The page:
This second edition of Child Psychology: A Handbook of Contemporary Issues reflects the increasingly sophisticated and varied research methods used to examine the highly complex interactions contributing to children's cognitive, emotional, and social development. Those chapters that appeared in the previous edition have been thoroughly updated and new chapters by outstanding researchers have been introduced. In addition, there is an entirely new section on Adolescence and thorough coverage of salient Ecological Influences, which make this second edition a truly comprehensive resource on the important issues in child psychology. The volume is divided into five sections - Infancy, Preschool Years, Childhood, Adolescence, and Ecological Influences - which: * Describe the nature of development and individual variations in developmental trajectories across multiple domains * Identify the processes and mechanisms underlying developmental and contextual change * Explore the varied contexts in which development unfolds, including family, school, neighborhood, and culture * Apply cutting-edge research designs, methodologies, and analytic approaches to models of development The volume provides an invaluable and practical resource for students and instructors on a wide variety of courses, and for researchers and professionals working in the field of child development.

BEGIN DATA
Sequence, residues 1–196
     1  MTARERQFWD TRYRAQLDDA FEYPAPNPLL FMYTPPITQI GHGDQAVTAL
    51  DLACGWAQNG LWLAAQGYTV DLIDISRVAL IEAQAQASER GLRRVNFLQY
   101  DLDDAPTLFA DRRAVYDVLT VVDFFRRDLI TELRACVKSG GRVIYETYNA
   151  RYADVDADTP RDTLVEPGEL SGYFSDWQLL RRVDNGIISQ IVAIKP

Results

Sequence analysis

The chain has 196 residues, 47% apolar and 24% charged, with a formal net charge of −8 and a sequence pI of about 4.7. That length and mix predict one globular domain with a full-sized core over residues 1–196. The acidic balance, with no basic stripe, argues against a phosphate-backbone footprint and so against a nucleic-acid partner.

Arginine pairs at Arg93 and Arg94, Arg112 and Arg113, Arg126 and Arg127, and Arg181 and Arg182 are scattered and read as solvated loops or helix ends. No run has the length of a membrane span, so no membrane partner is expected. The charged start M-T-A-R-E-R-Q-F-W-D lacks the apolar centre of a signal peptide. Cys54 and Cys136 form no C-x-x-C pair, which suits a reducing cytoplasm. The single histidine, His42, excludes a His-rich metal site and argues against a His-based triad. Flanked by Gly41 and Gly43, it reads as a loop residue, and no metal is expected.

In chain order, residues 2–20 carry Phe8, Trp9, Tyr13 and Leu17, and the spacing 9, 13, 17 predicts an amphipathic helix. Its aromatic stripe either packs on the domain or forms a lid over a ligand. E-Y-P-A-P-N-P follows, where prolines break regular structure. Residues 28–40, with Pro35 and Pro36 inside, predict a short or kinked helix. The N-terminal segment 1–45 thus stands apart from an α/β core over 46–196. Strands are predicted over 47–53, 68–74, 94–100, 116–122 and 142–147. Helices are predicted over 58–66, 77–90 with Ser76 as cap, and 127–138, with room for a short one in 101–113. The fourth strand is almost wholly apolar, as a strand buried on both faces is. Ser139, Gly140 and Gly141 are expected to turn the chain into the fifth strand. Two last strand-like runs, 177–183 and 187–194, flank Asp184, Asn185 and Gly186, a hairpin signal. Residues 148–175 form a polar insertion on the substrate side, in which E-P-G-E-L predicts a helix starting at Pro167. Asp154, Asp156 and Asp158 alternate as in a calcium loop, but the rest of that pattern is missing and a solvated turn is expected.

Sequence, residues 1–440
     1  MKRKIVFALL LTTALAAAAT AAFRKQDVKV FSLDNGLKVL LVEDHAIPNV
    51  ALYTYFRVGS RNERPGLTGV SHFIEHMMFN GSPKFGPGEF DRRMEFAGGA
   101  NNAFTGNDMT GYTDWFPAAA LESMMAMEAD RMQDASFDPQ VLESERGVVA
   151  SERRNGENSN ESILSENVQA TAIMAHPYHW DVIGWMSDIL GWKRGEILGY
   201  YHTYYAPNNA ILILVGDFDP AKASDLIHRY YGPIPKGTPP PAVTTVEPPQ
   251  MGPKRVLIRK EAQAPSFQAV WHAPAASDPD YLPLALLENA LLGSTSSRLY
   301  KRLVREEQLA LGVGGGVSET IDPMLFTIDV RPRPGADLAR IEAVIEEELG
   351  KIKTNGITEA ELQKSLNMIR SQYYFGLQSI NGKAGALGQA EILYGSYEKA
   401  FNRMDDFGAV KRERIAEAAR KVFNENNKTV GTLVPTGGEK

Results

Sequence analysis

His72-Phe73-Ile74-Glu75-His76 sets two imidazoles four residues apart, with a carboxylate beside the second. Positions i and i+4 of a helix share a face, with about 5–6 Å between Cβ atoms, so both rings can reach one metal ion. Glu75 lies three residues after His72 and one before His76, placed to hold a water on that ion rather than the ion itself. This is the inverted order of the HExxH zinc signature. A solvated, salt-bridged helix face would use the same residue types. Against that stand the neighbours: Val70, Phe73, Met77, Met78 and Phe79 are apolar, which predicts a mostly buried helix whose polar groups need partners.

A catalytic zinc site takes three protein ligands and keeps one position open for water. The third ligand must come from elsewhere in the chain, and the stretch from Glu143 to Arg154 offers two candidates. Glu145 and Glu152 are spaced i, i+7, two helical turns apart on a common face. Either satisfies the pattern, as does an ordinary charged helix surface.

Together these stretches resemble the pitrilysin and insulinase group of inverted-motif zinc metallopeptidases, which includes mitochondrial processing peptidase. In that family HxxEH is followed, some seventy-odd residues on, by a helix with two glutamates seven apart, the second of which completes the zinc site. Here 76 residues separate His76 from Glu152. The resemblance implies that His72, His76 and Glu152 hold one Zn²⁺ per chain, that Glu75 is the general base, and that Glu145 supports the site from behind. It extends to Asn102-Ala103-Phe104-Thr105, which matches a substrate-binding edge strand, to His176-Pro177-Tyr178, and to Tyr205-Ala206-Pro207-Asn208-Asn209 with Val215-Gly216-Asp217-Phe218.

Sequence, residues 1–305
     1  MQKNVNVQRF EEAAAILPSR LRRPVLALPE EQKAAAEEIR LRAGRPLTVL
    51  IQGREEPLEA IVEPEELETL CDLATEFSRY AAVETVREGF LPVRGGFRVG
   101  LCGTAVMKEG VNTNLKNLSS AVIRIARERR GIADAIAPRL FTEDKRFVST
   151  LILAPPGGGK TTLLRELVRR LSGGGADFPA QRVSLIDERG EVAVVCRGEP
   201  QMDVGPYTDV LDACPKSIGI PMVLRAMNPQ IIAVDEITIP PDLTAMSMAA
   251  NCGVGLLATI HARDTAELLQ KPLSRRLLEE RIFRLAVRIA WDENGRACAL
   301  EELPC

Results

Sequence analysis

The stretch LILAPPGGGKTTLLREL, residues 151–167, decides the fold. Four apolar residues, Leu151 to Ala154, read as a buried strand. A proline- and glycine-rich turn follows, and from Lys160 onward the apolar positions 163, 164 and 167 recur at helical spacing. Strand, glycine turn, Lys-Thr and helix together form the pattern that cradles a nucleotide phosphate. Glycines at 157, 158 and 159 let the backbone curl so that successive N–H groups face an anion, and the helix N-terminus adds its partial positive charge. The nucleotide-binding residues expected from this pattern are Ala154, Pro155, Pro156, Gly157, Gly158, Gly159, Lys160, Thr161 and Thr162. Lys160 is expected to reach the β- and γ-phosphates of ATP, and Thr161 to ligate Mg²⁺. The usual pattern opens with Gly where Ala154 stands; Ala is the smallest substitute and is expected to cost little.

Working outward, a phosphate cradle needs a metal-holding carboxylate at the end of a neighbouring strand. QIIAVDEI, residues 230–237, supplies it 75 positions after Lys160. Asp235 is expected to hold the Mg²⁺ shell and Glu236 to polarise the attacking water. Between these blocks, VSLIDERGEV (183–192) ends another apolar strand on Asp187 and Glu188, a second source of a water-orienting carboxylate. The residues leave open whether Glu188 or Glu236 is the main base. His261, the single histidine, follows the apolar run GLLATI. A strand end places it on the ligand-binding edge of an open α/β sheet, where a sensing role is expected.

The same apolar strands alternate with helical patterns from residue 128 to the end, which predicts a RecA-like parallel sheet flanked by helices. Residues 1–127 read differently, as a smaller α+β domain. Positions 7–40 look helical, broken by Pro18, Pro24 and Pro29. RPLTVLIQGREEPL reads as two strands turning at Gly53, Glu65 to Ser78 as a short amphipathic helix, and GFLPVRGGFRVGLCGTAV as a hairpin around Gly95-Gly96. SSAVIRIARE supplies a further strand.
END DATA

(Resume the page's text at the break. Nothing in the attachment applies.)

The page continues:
LaRue Allen, Yael Bat-Chava, J. Lawrence Aber, and Edward Seidman find that the emotional benefit of racial pride for black adolescents is higher in predominantly black neighborhoods than in racially mixed environments.
The authors develop and validate multidimensional and contextual profiles of competence among low-income, urban, middle adolescents (N = 560). The assessment of contextual competence was based on youth self-reports of involvement, performance, and relationship quality in the peer, school, athletic, employment, religious, and cultural contexts. A principal components analysis of these engagement indices revealed the six expected components with the addition of a component labeled self-in-context. To identify holistic, multidimensional profiles of contextual competence, scores along the seven domains were cluster analyzed. Nine clusters emerged, each representing a distinct constellation of youth experience. Profiles were associated with demographic variables and youth adjustment. Profiles reflecting high engagement in two or more contexts predicted higher self-esteem and lower depression. In contrast, profiles marked by high engagement in the contexts of athletics or employment predicted more serious delinquency. The authors discuss the implications of these findings for future research and intervention.